Found 528 article(s) in category 'Fiscal Policy'

The Shutdown Could Disrupt The U.S. Economy In A Big Way

The Shutdown Could Disrupt The U.S. Economy In A Big Way. Nancy Koehn, January 8, 2019, Audio, “Will the government shutdown have a long-term impact on the U.S. economy? Nancy Koehn, professor at the Harvard Business School, said that the shutdown could disrupt the economy on both a micro and macro level. “What’s interesting to me as someone who has done a lot of economic work is how we’re beginning to see the cascading consequences,” she said on Boston Public Radio Tuesday. There are individual pains — like farmers not being able to get loans or aid to help cope with the U.S.-China trade war.Link

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To avoid government shutdowns, fix the budget process

To avoid government shutdowns, fix the budget process. Linda Bilmes, January 7, 2019, Opinion, “In the musical “Hamilton,” the protagonists riff on dueling: Aaron Burr: Can we agree that duels are dumb and immature? Alexander Hamilton: Sure. But your man has to answer for his words, Burr. (As we all know, Burr fatally shot Hamilton. Duels were not outlawed until 40 years later). Pressley requests back pay for federal contract workers.  The furloughed contract workers have gone without a paycheck since the start of a partial government shutdown last month. Federal government shutdowns are the modern equivalent of duels — a dumb and immature way to resolve disputes. The current shutdown has closed 25 percent of the government over a dispute that amounts to just .001 percent of the federal budget.Link

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Corruption, Government Subsidies, and Innovation: Evidence from China

Corruption, Government Subsidies, and Innovation: Evidence from China. Josh Lerner, 2018, Paper, “Governments are important financiers of private sector innovation. While these public funds can ease capital constraints and information asymmetries, they can also introduce political distortions. We empirically explore these issues for China, where a quarter of firms’ R&D expenditures come from government subsidies. Using a difference-in-differences approach, we find that the anticorruption campaign that began in 2012 and the departures of local government officials responsible for innovation programs strengthened the relationship between firms’ historical innovative efficiency and subsequent subsidy awards and depressed the influence of their corruption-related expenditures.Link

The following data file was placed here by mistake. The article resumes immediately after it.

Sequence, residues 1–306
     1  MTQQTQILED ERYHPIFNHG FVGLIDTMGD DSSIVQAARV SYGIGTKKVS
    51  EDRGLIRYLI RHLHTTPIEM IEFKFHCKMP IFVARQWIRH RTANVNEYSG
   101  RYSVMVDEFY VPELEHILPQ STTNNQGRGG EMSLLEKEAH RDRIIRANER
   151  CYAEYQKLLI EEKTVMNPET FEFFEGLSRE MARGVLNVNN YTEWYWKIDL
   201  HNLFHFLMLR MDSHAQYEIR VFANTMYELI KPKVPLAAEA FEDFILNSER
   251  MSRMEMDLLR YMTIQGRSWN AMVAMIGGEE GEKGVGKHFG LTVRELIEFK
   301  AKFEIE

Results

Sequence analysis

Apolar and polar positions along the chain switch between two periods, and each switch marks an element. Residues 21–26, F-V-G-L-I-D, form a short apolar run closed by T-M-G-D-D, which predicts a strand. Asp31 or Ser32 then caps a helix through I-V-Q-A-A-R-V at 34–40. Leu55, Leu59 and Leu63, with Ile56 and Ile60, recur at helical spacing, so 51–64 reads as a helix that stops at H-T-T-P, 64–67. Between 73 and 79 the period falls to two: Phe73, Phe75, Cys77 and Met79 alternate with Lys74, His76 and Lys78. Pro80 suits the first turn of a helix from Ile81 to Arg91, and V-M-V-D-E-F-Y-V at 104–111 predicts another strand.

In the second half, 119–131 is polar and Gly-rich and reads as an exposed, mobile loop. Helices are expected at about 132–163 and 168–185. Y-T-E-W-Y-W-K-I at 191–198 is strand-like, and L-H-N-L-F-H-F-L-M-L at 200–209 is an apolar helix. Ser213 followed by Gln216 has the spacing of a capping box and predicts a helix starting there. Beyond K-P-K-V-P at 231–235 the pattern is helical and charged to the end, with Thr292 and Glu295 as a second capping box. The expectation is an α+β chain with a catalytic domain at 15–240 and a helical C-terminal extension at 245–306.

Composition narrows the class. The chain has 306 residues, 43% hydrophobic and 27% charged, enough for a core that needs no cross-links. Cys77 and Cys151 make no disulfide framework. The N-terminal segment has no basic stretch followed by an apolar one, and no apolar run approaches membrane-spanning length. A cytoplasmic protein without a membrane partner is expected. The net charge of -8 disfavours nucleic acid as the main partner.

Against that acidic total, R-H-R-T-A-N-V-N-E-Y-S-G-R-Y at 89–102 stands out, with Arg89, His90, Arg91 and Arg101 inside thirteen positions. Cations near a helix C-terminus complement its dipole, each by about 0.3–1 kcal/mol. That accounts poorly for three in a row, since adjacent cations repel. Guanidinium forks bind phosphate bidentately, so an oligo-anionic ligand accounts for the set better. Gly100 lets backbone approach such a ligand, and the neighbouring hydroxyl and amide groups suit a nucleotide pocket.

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How Close Are We To Another Financial Collapse?

How Close Are We To Another Financial Collapse? Nancy Koehn, September 19, 2018, Audio, “This month marks the 10 year anniversary of our financial system buckling under the weight of big lending. The crash set off the worst economic crisis since the Great Depression, with millions of Americans losing their homes, jobs and savings. While the debate is still going on as to whether policymakers did enough to prevent this meltdown from being even worse, are our policy makers doing enough right now to keep another crisis from happening?Link

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Responding to the Global Financial Crisis, What We Did and Why We Did It

Responding to the Global Financial Crisis, What We Did and Why We Did It – The Fiscal Response to the Great Recession: Steps Taken, Paths Rejected, and Lessons for Next Time. Jason Furman, September 11, 2018, Paper, “The fiscal response to the Great Recession started when President Bush signed the Economic Stimulus Act of 2008 on February 13, 2008 and finished when the payroll tax cut enacted under President Obama expired at the end of 2012. Congress enacted at least 18 different laws that explicitly included discretionary fiscal stimulus totaling over $1.5 trillion during those five years, with about half of that coming from the American Recovery and Reinvestment Act signed into law by Obama on February 17th 2009.2LInk

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Final Thoughts on Secular Stagnation

Final Thoughts on Secular Stagnation. Lawrence Summers, September 6, 2018, Opinion, “Too little was done in the aftermath of the financial crisis a decade ago to stimulate aggregate demand, which would be boosted by a more equal income distribution. And substantially stronger financial regulation than was in place before 2008 needs to be adopted to minimize the risks of future crises.Link

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Interview with Harvard Professor Robert Barro

Interview with Harvard Professor Robert Barro. Robert Barro, September 1, 2018, Opinion, “Robert Barro is a highly influential economist and has written extensively about macroeconomics. He is the Paul M. Warburg Professor of Economics at Harvard University, a senior fellow at Stanford University and co-editor of the Quarterly Journal of Economic. Barro shares a free market view of the current economic climate during an in-depth conversation with Filthy Lucre.Link

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